Games are inherently engaging – children, adults, kittens and chimps, all play to learn and have fun – and they have been a part of human culture throughout history. Philosophers like Aristotle, Socrates and Dewey have spoken of experience-based learning and how it creates an environment where students thrive by interacting with the curriculum in a meaningful way. Simulations, games, role-plays, case studies, scenarios, multi-media presentations, encounter groups are examples of this learning style (Cameron, 2008).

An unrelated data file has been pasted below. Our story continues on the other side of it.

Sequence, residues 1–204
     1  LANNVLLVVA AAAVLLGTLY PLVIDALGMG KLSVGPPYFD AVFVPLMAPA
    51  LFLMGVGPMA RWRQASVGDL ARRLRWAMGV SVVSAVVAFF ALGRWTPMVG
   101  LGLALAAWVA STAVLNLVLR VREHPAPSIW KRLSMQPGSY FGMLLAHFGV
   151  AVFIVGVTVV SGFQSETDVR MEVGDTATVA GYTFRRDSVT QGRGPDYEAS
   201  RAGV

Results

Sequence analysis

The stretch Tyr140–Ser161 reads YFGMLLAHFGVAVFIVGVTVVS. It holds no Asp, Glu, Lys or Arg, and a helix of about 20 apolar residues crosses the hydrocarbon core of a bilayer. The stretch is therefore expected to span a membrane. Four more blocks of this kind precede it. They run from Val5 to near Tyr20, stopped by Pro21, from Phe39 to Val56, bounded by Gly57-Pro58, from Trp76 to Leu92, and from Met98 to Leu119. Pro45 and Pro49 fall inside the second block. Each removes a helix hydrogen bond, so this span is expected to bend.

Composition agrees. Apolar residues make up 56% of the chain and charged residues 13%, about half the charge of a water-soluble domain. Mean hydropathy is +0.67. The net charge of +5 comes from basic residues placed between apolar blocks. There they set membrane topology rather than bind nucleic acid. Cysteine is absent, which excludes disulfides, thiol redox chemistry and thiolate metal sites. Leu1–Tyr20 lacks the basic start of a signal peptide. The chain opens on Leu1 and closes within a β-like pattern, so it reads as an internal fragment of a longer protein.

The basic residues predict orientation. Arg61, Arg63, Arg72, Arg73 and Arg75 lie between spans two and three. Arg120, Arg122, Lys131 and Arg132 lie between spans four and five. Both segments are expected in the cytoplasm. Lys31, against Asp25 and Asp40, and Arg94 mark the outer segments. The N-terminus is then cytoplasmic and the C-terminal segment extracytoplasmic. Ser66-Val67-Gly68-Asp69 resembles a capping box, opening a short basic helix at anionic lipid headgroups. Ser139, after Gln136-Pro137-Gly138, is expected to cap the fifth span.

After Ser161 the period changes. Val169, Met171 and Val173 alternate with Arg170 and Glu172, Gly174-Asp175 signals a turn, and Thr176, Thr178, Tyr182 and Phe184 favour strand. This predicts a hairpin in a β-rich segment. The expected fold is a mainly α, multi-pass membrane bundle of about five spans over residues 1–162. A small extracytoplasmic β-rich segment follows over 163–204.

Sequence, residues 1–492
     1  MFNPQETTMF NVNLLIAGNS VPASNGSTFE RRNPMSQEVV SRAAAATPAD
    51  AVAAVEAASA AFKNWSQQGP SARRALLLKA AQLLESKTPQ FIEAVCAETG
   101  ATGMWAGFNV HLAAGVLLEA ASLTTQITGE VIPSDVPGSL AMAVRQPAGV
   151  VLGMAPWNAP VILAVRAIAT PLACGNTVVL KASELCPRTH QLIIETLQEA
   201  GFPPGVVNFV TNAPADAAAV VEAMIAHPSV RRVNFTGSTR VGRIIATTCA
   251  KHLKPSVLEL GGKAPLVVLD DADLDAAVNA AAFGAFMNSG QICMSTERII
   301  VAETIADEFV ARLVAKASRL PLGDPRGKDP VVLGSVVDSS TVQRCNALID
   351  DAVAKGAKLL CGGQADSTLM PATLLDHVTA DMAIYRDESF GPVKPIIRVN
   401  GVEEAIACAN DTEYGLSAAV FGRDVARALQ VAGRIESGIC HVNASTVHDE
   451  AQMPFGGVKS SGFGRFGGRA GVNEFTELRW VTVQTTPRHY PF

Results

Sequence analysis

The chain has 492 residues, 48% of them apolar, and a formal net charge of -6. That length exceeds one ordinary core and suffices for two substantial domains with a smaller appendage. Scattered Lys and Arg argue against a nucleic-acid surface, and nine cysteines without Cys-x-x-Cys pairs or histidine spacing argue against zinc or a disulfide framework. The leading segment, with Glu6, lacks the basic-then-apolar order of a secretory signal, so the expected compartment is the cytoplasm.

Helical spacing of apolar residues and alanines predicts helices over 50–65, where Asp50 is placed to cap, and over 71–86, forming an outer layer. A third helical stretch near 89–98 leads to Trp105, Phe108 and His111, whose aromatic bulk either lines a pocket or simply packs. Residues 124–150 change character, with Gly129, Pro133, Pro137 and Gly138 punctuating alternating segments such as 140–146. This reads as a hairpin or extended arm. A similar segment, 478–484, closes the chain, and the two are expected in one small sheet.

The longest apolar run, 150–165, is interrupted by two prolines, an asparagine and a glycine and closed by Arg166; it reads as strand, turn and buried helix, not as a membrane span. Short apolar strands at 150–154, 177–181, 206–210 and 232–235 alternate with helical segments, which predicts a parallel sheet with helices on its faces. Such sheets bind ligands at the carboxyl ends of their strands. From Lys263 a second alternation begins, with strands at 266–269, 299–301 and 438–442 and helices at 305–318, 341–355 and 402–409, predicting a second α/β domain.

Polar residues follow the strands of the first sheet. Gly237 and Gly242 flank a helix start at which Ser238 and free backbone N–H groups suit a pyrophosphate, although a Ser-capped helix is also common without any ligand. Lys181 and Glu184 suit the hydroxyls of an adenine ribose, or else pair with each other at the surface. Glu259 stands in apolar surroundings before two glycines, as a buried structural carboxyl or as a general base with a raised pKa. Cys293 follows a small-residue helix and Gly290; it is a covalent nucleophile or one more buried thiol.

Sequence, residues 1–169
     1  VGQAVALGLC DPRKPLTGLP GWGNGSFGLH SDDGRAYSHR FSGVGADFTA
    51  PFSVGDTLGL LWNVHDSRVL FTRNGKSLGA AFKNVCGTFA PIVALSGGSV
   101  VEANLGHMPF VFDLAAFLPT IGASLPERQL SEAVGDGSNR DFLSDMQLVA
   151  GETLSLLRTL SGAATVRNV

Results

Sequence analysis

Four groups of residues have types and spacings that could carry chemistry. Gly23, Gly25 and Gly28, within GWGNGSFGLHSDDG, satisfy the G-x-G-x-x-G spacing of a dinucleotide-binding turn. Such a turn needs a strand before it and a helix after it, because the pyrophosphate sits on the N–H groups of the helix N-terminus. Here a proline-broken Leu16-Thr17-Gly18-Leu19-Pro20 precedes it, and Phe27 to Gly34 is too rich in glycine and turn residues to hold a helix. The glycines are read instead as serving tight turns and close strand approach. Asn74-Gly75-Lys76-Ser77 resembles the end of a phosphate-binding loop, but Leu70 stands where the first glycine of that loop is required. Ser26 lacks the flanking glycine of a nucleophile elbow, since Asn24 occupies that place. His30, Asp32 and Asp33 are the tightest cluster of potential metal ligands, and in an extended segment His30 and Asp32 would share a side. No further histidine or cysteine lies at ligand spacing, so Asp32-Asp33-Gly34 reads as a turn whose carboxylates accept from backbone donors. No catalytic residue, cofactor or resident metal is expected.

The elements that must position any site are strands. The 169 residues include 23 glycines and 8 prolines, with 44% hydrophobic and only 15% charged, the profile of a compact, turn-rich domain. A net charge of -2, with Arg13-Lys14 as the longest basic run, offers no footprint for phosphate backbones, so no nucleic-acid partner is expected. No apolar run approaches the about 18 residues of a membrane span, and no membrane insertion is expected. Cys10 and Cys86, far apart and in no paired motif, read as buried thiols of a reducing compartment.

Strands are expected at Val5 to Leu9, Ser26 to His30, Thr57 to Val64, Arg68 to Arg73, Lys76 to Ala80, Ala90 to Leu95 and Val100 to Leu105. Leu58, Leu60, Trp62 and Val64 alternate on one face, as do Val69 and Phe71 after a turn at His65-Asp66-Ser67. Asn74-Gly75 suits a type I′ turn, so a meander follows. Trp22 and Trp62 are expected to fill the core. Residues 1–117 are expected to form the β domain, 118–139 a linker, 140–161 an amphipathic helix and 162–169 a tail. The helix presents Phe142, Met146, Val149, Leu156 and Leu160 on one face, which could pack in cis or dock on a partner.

When children are young their imaginations, their minds, are staved for stimulation; through advancements in technology and psychology, game companies have been able to take full advantage of this.

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